Puneet Varma

1955 in poetry

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1955 in poetry

Nationality words link to articles with information on the nation's poetry or literature (for instance, Irish or France).

Contents

Events

  • April – Wallace Stevens is baptized a Catholic by the chaplain of St. Francis Hospital in Hartford, Connecticut, where Stevens spends his last days suffering from terminal cancer. After a brief release from the hospital, Stevens is readmitted and dies on August 2 at the age of 76.
  • July 30 – Philip Larkin makes a train journey in England from Hull to Grantham which inspires his poem The Whitsun Weddings. His collection The Less Deceived is published in November (dated October).
  • The Group, a British poetry movement, starts meeting in London with gatherings taking place once a week, on Friday evenings, at first at Philip Hobsbaum's flat and later at the house of Edward Lucie-Smith. The poets gather to discuss each other's work, putting into practice the sort of analysis and objective comment in keeping with the principles of Hobsbaum's Cambridge tutor F. R. Leavis and of the New Criticism in general. Before each meeting about six or seven poems by one poet are typed, duplicated and distributed to the dozen or so participants.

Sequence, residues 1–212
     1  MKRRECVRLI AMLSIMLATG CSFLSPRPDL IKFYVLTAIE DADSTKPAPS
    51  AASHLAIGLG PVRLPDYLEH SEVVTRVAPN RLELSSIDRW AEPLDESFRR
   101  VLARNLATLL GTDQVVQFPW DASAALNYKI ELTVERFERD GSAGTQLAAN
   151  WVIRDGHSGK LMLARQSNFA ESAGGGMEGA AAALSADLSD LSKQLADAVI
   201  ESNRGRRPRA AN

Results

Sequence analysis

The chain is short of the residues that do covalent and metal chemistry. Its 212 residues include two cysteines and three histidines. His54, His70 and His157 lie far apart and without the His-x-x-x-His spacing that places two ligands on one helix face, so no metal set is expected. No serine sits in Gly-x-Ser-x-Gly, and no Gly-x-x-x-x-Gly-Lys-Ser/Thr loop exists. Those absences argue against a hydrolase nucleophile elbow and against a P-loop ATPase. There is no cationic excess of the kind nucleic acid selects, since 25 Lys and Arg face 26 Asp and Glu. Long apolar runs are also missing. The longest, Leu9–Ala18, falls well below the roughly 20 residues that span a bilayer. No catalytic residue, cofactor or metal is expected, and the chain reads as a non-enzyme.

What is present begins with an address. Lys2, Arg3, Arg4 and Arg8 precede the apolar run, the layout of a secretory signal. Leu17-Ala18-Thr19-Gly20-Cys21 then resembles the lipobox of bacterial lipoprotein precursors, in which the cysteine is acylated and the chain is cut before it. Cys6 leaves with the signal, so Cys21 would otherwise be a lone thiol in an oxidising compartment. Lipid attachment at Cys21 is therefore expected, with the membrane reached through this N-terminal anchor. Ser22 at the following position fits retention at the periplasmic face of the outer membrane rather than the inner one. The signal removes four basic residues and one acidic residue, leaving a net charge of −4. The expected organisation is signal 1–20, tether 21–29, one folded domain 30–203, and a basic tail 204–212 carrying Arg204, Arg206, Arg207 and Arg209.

• The Movement poets as a group in Britain come to public notice this year in Robert Conquest's anthology New Lines. The core of the group consists of Philip Larkin, Elizabeth Jennings, D. J. Enright, Kingsley Amis, Thom Gunn and Donald Davie. They are identified with a hostility to modernism and internationalism, and look to Thomas Hardy as a model. However, both Davie and Gunn later move away from this position.